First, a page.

thank you that sounds great. :thumbsup:
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Re: Type of wood

Postby ctstaas » Sat Aug 09, 2014 11:48 am

Hi All, I used 3/4" marine grade plywood. I planned to paint the inside and skin the outside with Al. Plywood is classed by glue type and the number of defects. The fewer defects the more $. An alternative would be to but a veneer. Black walnut, red oak and cherry is my favorites. It has been recommended to me to not use contact cement on the exterior because it will delaminate. I only used two spars for my cabin. The center of the spar needs to be 4' on center from the edge so the 4' wide sheets will land on the spars.
Enjoy, Chris
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Re: Type of wood

Postby noseoil » Sat Aug 16, 2014 8:08 am

Just in general, 1/2" sheathing grade ply or OSB (actually 7/16" now) will span 24" on center with 2X joists. Most residential roof systems are laid-out with 2' on center being the norm for roof trusses or stick framing. This allows for a 20# psf live load, 14# psf dead load. In plain words this means the roof sheathing will withstand a total load of 34 pounds per square foot of roof surface area with 2' centers. Your basic construction worker type with a hammer, tool belt, nail pouches, etc. can walk around up there without falling through just fine. A mattress will distribute the load across the area more evenly, so really 3/8" ply will work if it's supported properly (16" on center). I'm using 1/8" baltic birch under 4/4 poplar framing, with pink foam & 1/4" baltic birch for the decking. I'll cover the 1/4" with some 1/2" osb scrap while working on the inside, so I don't hole it, but the mattress will cover it once the trailer is finished.

I'm building with 3/4" exterior grade fir plywood "skeletonized" panels for the walls, 3/4" foam insulation to fill the voids in the 3/4", 1/8" baltic birch inside & outside for skins. This will then get skinned with aluminum or fiberglass & paint, haven't decided, since I'm not there yet. The 3/4" sides will be cut down to 1 1/2" for the skeleton's ribs. This will give plenty of strength for through-fastening of the walls to the cabinets with screws & glue, light fixture attachments, doors, 3/4" roof slats, etc. It needs to be strong, but it needs to be light as well.
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Re: Type of wood

Postby ChasCABQ » Tue Sep 30, 2014 3:46 pm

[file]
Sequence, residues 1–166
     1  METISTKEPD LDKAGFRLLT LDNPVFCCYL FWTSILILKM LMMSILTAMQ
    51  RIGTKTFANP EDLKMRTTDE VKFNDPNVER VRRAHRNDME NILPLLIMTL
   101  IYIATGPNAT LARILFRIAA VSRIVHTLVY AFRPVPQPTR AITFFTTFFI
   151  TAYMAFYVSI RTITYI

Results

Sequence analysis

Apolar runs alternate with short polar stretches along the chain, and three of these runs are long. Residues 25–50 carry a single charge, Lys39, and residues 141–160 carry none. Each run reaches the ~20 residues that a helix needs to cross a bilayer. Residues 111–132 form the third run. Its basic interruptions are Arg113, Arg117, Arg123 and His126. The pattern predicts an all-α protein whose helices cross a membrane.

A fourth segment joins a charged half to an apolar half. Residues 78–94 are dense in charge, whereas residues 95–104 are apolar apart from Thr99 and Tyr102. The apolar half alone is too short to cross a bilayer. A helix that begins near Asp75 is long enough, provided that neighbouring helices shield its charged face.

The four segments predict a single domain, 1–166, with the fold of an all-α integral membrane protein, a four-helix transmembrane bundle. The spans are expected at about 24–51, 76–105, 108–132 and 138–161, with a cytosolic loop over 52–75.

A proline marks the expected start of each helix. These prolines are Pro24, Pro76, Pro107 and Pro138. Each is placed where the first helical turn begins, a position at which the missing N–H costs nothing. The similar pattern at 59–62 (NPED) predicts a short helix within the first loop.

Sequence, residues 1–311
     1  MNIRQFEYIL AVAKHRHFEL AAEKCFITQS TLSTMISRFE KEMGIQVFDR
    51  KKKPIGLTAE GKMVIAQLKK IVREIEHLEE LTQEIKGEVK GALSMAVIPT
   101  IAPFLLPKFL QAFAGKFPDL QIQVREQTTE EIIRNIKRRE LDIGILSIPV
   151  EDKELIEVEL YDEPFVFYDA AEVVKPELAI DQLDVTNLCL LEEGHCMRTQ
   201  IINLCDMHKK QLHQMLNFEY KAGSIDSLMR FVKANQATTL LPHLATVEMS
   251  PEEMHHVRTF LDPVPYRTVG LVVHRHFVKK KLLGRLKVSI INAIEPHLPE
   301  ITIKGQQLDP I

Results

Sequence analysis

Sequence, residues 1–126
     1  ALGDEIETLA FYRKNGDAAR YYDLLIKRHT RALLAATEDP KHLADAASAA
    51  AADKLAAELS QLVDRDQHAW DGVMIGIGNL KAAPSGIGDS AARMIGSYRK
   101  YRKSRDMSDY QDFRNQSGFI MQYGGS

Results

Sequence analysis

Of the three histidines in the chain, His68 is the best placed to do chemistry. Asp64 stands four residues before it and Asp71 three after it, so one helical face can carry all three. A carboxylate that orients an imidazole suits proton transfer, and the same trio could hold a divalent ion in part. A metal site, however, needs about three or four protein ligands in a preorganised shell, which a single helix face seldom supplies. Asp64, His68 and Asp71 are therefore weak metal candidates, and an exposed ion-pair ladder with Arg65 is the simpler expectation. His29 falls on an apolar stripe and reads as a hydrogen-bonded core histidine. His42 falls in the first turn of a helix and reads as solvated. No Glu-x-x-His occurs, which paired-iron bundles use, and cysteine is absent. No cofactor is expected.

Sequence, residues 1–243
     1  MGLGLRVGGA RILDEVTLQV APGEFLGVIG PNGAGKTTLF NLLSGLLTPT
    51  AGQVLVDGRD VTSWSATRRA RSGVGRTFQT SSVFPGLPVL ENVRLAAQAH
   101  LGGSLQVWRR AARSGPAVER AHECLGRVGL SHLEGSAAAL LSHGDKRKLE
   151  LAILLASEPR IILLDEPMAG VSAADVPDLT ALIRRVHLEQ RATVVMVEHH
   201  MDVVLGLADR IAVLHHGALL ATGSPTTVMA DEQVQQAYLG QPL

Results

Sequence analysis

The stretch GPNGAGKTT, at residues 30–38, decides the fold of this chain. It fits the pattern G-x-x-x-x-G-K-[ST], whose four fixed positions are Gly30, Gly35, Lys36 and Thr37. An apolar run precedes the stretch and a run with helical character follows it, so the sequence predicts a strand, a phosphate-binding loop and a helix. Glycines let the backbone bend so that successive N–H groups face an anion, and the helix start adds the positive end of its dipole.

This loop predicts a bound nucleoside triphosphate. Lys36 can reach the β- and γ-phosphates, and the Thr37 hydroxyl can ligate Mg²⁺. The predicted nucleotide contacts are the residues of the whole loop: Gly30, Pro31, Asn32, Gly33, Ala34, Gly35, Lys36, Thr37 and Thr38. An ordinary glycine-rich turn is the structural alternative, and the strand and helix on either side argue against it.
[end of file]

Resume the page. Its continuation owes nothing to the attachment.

Hope I'm not too late to comment. After browsing the site posts and meeting a local builder (he's made 3 so far) I've revised my initial plans and am going in this direction for low weight and durability. Cost of quality materials is not an issue.

Floor to be untreated 1/2" marine plywood right on Northern Tool trailer. Not a lot of rain where I live so I'm okay with leaving it bare.

Walls: 1/2" marine plywood

Roof and hatch: 1/8" baltic birch plywood over plywood shapes and poplar spars.

All panel connections to be inside using wood or metal cleats every foot or so. Also will have interior shelving to provide lateral support.

I will fiberglass and epoxy all exterior joints then apply quality topside marine paint.

I wanted to do an epoxy and varnish woody but decided it was more effort, cost, and maintenance than desired.
Last edited by ChasCABQ on Thu Oct 09, 2014 9:23 pm, edited 3 times in total.
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Re: Type of wood

Postby mikeschn » Tue Sep 30, 2014 5:25 pm

I used Arauco Plywood from Menards. I like that it has water resistant glue in the laminate.

However, it's still wood, and it still needs to be sealed.

Mikeā€¦
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Re: Type of wood

Postby haha49 » Thu Jun 02, 2016 9:14 pm

Marine grade is better for the floor less air space more Lazer of wood for the thickness most marine plywood is 5 layers thick vs 3. It's more flexible and less weight so for floors it's a better option. Side walls can be cheaper cut them out and stuff foam in then a thin finishing type of wood for look you want. Makes the wall strong